iPhone X? More Like iPhone X-tra

Hagan Wells, Executive Media Editor

Over the years, Apple has solidified their position as a technology juggernaut. Year after year, they add something to their products that put them a step ahead and entice customers. Yet, this year, they’re making one of their worst moves ever by releasing the iPhone X.

At their annual September Keynote event, Apple announced the iPhone 8 and 8 Plus. Both of these phones are really good with minor, yet impactful upgrades. But Apple had to add their “one more thing” and announced the iPhone X.

From an innovation standpoint, the iPhone X is interesting, but in every other aspect, it’s ridiculous.

First of all, that all-screen display looks all-bad. The idea of having the front of your phone be completely screen is cool, but Apple went about executing it completely the wrong way. The notch at the top of the phone for the new camera and Face ID is distracting and ugly. Imagine watching Netflix or playing a game, but there’s a frustrating bar in the way. That doesn’t sound like “all-screen” to me.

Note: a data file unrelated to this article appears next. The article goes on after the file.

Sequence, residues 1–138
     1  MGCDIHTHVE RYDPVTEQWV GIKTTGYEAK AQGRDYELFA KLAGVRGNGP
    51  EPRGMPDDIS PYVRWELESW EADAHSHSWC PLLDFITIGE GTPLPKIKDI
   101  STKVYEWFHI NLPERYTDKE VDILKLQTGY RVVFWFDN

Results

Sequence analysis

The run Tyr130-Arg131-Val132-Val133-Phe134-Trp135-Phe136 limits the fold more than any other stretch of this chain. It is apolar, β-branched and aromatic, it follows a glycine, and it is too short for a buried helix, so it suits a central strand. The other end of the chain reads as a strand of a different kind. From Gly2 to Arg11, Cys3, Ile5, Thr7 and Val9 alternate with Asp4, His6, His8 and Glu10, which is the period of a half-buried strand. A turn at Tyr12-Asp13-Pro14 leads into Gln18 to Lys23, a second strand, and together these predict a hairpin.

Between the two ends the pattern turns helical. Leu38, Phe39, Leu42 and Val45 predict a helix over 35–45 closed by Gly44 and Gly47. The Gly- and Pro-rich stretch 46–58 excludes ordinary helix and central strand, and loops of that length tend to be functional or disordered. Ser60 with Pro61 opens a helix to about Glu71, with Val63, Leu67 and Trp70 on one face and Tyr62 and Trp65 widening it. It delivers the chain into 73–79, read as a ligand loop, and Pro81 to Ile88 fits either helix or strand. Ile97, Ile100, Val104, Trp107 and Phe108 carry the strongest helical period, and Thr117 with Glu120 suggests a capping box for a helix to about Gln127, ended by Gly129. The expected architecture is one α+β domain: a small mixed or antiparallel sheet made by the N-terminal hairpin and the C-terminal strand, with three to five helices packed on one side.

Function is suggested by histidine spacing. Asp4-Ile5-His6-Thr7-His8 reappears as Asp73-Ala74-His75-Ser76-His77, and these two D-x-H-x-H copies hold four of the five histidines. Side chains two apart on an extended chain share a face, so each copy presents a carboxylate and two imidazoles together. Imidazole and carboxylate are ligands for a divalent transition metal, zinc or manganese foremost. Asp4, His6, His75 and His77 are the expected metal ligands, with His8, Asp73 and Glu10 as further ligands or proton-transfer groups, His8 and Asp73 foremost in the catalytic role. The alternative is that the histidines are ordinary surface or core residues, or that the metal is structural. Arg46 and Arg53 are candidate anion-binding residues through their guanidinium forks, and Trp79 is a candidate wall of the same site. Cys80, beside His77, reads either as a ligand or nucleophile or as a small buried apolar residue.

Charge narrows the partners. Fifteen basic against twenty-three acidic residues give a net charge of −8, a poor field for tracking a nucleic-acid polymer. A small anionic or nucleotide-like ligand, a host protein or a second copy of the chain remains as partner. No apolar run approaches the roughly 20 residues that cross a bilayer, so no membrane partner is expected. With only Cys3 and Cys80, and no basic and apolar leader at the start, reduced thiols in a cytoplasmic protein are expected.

Plus, the removal of the home button was another poorly thought-out idea. Sure, companies like Samsung are doing the same thing, but that didn’t mean that Apple had to do it too. Taking away the home button also takes away a lot of conveniences like using your fingerprint to unlock your phone. It adds confusing new gestures to do functions you’ve done simply for years, and pushes users towards the underdeveloped Face ID.

Speaking of Face ID, it is totally unnecessary. As a result of not having a home button, you have to use the fancy and new front camera to unlock your phone. But Apple couldn’t even get it to work during their live presentation. Plus, having to look at your phone to unlock it takes away the ease of just pressing the home button.

So, does this phone really sound worth it to you? Do these inconveniences sound like something you should drop $999-$1,149 on? Even the most expensive iPhone 8 Plus is $50 cheaper and much more worth the money. Ultimately, if you get this phone, it’s your decision. But it’s the wrong one.

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